Those with Low Vision Collect Information from the Environment differently

Those with Low Vision Collect Information from the Environment differently

Posted on Nov.05, 2012, by , under Educational

Those of us with low vision or blindness collect information about our environment differently than sighted people.  That stands to reason when you consider that we have one less sense to rely on.

I often hear that people without vision or who have low vision have their other senses enhanced.  Let me put that to rest.  Other senses are not improved.  Rather, we just rely on and use them differently.  A couple of examples may help to explain this.

When I walk on a quiet street I can generally hear traffic even if I cannot see it.  Now add someone cutting the grass with a power mower.  The sound will oftentimes mean that I cannot hear traffic either. As a result I sometimes take a different route when someone has the unmitigated gall to cut their lawn while I am walking!   Speaking of traffic, all you Prius owners should get a real car.  I know you think you are all cool being green and all but you piss me off!  I cannot hear your damn car!  Forget the environment.  This is about ME.  And for those drivers who do not pull up to the stop lines thinking you are helping when I am waiting to cross the street, think again.  I want to know where you are.  I don’t trust you anyway so as least be sporting and let me know where you are lying in wait.  Oops, I mean where you are idling.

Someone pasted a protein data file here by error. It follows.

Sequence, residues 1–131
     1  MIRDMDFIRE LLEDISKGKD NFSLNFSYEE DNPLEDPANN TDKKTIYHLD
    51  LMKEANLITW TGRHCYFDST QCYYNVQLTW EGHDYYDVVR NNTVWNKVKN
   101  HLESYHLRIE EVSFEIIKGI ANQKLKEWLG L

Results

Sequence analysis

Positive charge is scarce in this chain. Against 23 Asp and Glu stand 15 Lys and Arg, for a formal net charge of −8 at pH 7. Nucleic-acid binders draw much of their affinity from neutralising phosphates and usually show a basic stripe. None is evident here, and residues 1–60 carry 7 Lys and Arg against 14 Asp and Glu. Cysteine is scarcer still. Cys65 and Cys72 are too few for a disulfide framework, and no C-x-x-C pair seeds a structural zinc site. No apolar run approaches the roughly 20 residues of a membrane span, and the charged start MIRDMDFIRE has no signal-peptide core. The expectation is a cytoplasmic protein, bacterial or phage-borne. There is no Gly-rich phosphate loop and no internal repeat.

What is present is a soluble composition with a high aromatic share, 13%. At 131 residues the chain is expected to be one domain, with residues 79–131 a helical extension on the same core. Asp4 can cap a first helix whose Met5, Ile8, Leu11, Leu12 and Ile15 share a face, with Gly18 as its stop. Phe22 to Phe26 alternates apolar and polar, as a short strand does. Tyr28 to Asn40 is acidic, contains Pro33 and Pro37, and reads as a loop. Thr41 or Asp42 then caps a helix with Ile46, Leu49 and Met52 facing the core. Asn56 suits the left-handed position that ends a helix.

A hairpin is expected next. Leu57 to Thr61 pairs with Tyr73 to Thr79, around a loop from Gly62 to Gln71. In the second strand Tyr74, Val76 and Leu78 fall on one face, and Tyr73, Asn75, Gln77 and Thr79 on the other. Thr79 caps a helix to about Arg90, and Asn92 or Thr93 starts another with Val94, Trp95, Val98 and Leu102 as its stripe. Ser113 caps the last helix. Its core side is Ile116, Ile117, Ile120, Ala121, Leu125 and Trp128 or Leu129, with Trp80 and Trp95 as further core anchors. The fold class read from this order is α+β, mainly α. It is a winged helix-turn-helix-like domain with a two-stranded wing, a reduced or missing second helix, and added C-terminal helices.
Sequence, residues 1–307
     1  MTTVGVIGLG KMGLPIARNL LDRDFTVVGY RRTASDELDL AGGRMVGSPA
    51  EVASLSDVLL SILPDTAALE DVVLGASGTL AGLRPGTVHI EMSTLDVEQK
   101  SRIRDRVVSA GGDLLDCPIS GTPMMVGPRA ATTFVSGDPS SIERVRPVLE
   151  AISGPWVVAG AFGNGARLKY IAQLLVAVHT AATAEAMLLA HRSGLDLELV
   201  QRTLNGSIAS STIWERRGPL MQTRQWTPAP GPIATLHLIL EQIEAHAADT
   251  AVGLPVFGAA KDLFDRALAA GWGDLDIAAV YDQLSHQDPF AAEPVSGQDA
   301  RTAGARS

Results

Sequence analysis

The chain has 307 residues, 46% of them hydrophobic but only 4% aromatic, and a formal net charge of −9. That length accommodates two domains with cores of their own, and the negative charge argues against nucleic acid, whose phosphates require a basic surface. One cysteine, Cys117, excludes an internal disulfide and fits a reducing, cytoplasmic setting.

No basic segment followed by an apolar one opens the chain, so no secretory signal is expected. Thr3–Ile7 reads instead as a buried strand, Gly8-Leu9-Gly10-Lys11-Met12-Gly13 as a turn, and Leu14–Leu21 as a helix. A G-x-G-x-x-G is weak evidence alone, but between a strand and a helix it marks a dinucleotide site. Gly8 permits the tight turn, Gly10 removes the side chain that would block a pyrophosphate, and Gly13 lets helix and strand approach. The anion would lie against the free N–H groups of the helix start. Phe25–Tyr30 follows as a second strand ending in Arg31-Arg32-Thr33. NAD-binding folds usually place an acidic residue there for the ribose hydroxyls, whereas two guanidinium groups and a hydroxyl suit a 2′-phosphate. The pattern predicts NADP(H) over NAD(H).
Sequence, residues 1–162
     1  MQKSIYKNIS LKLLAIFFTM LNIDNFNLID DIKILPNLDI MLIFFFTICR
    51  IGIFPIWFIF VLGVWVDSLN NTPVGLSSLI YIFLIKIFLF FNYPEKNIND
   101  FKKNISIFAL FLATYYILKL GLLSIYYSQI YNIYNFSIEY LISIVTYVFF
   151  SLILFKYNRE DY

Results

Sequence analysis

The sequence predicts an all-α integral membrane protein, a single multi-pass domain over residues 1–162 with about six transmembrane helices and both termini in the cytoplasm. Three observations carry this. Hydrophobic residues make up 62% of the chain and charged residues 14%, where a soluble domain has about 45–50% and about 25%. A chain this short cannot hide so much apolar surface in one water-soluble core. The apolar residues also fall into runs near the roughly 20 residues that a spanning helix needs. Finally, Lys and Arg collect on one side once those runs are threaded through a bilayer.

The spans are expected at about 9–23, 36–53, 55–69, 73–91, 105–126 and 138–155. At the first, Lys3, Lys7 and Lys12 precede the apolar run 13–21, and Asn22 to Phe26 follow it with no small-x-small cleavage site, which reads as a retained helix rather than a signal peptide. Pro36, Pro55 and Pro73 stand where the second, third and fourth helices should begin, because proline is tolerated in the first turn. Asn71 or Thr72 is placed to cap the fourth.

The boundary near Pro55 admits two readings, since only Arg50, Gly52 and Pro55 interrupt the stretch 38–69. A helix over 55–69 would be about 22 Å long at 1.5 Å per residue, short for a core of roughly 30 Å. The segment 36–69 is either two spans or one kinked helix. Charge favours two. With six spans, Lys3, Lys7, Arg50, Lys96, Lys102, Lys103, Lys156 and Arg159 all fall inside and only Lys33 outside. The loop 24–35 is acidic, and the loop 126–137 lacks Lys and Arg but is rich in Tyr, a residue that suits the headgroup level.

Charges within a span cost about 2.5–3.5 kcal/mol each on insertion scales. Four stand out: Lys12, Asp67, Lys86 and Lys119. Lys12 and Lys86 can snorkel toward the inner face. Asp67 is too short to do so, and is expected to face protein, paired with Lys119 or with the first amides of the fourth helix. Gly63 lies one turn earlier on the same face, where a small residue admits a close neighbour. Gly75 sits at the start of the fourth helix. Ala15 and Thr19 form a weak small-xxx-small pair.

Another difference in collecting info is when we go up or down stairs.  A sighted person sees the stairs and automatically knows where the handrails are, the approximate number of stairs, where the landings are, whether or not there is an obstruction on the stairs, etc.  This info is usually collected and processed in less than a second.

I deal with stairs with the use of the long white cane.  With the cane I will know when I come to stairs and how to go either up or down them.  I can do this through my senses of feel (through the cane) and hearing the sounds that the cane makes going up or doesn’t make, going down.  Obstructions are a little harder but hardly impossible.  Occasionally people will decide to sit on, oh say, subway or train stairs.  These stairs are not park benches where you and your friends can sit and amuse one another.  To the person that I recently hit in the head with the cane, it was not an accident.  And when I said I was sorry I didn’t mean it.  Keep out of the way, will you please!  I have enough trouble without having to fear tripping over your idle butt.

I also hear about people out riding bicycles, walking, jogging, etc. while wearing dual headphones.  Do yourself a favor.  Get a single headphone device which puts your stereo channels into a single ear bud.  They are not great but a lot safer than blocking both your ears.

If you are blind or have low vision you just have to get a long white cane to assist you with your orientation and mobility.  (You could get a dog but that’s a whole other deal.  Any questions?

Dick Barbuto